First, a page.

By ALAN ROBINSON, AP Sports Writer
PITTSBURGH — Rhode Island winning again in the crowded Atlantic 10 Conference race wasn’t a surprise, even though the Rams barely held off another league team that is playing much better than predicted.
What is unexpected is how close the Rams are to first place after being picked to finish far, far down the standings.
Kahiem Seawright put Rhode Island ahead to stay by making two free throws with 1:43 remaining and the Rams moved into second place in the Atlantic 10 by rallying in the second half to beat Duquesne 73-71 on Sunday.
Seawright scored four of his 21 points in the final two minutes and Keith Cothran came off the bench for 20 points as the Rams (22-8, 11-4) won their sixth in a row and 10th in 11 games, but not without a scare.
Duquesne (17-10, 8-6) trailed 73-68 with 11.6 seconds remaining after Seawright got free against the Dukes’ press for a dunk and Cothran made one of two free throws. But the Dukes had a chance to win it after Aaron Jackson hit a 3-pointer with 5.4 seconds to go and Seawright missed the front end of a 1-and-1 less than a second later.
Rhode Island, with fouls to give, twice fouled after that to force out-of-bounds plays, and Jackson missed a desperation 3 from 25 feet just ahead of the buzzer that would have won it. Jackson ended with 24 points, scoring 16 of the Dukes’ final 20.
“There was some confusion,” Jackson said of a hurriedly drawn-up play in which Dukes coach Ron Everhart expected Jackson to be tightly guarded and either Jason Duty or Damian Saunders would take the final shot.
The Rams trail only No. 19 Xavier (23-5, 11-3) in the A-10 and are guaranteed of a first-round bye in the conference tournament that begins March 11 in Atlantic City.
“I’ll take winning by 2 points,” Rhode Island coach Jim Baron said. “I’d take winning by a half-point. We were picked to finish ninth (in the conference), so this is unbelievable for this team. Now we’ve got to get the UMass game (on Saturday). That’s an important game for us.”
Rhode Island turned Sunday’s game around by going on a 13-1 run midway through the second half to seize a 60-54 lead after trailing by seven points early in the half.
Duquesne, coming off road wins against La Salle and Massachusetts, was repeatedly hurt by poor shooting in a game that was sloppy at times, with the Rams committing 17 turnovers and the Dukes 14. Duquesne was 6-of-28 (21.4 percent) from 3-point range and shot 43.5 percent overall (30-of-69).
“We didn’t make the shots that we’ve been making, and that’s what’s disappointed me,” Everhart said.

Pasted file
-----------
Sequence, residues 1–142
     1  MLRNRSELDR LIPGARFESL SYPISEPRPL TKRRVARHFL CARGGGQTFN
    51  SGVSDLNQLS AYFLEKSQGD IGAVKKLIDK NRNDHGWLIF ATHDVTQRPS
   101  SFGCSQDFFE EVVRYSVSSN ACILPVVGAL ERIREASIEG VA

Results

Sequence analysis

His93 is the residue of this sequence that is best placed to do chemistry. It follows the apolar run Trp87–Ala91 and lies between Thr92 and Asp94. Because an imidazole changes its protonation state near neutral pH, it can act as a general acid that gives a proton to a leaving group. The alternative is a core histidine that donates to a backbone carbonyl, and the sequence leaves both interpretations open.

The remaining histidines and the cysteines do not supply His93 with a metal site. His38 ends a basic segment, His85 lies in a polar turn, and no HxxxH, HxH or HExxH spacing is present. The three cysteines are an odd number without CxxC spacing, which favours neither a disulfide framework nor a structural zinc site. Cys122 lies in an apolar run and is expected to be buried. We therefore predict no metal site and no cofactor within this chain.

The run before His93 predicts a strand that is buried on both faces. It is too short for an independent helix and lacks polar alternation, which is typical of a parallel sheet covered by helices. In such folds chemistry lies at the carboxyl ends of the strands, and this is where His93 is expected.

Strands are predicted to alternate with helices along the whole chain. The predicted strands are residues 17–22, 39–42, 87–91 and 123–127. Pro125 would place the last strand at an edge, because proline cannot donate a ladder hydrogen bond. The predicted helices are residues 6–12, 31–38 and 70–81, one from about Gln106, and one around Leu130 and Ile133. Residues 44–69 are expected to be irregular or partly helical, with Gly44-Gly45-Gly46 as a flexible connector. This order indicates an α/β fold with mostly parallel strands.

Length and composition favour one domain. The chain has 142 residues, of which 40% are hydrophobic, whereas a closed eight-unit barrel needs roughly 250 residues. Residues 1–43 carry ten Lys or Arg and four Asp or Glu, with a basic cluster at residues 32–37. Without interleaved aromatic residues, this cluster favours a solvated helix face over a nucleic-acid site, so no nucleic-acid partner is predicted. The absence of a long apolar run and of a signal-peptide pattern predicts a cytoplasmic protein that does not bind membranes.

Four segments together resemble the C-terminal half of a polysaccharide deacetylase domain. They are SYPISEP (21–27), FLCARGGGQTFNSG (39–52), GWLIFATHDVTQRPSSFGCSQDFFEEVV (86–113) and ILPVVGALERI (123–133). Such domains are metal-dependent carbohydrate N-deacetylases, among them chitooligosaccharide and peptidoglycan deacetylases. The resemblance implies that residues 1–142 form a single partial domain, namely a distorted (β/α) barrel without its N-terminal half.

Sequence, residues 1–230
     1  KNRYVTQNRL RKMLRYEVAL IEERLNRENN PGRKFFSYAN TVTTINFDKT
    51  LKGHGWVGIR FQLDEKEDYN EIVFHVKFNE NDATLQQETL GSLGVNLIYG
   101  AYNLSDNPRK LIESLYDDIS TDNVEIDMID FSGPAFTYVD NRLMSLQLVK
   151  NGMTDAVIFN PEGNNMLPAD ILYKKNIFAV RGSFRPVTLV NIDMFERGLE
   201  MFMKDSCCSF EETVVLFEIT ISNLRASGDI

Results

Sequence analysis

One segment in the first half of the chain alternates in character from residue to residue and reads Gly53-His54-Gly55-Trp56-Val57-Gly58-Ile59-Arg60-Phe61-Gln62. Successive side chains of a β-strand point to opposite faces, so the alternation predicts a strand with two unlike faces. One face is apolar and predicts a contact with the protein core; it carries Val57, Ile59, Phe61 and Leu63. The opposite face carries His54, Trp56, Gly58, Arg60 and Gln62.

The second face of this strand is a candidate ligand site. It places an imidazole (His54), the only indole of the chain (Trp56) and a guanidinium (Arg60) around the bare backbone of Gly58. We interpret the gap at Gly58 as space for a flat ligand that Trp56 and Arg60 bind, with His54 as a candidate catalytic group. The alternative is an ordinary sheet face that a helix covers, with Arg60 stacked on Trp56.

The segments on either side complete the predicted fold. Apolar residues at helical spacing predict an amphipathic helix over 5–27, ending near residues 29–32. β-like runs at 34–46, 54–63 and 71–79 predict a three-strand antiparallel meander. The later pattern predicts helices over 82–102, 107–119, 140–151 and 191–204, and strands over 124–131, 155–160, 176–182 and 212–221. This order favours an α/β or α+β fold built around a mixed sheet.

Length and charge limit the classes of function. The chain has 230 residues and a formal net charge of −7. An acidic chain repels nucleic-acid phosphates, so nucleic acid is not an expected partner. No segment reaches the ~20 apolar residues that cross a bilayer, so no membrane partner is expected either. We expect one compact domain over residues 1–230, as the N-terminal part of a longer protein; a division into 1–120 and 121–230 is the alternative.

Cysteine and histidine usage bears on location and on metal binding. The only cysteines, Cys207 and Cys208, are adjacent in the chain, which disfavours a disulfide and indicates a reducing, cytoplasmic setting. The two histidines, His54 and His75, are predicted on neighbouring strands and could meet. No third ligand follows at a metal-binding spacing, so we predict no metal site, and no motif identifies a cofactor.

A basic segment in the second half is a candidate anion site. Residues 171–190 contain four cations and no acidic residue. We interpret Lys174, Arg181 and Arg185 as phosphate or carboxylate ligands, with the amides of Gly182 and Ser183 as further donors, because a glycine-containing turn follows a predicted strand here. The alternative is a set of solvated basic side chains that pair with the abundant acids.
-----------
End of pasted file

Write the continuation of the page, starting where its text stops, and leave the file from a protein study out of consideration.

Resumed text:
Melquan Bolding (Pictured) scored 16 points, Damian Saunders had 12 and Bill Clark 11 for the Dukes, but Clark got into foul trouble and didn’t score in the second half. Clark was 1-of-6 from beyond the arc and Eric Evans was 0-for-6 while missing all but one of nine shots.
Rhode Island shook off a poor first half (14-of-33) by making 16 of 24 shots in the second half, including a driving left-handed shot by Delroy James with 1:10 remaining that made it 70-66. James is the brother of former Duquesne center Shawn James.
“I thought that was the biggest basket of the game,” Everhart said.
The Rams were much better offensively after trailing 40-34 at the half because, Cothran said, “We weren’t settling for jump shots, we were trying to be aggressive. We kept attacking them.”
Jimmy Baron, the son of the Rams coach, helped out with 14 points and made 4-of-8 from 3-point range, giving him 341 for his career — one off the A-10 record held by Darnell Harris of La Salle. He scored in double figures for the 27th time this season.
The Dukes have two more regular-season games remaining, against St. Louis on Wednesday and at Dayton on Saturday, to win at least one and get to 18 wins. They haven’t won that many since going 20-10 in 1980-81.
The Rams are 9-5 on the road, their most road victories since also winning nine in 1991-92. Their 11 league victories are the most they’ve had since the 1997-98 team that went to the NCAA round of eight was 12-4.
Six A-10 teams have won 17 or more games, including Duquesne, a team with eight freshmen that was picked to finish 12th in the 14-team league.
“Nobody in this league is afraid of anybody else,” Baron said. “That says a lot about our league. Our league is as good as any in the country — I know, because we’ve played Duke and Oklahoma State and Penn State.”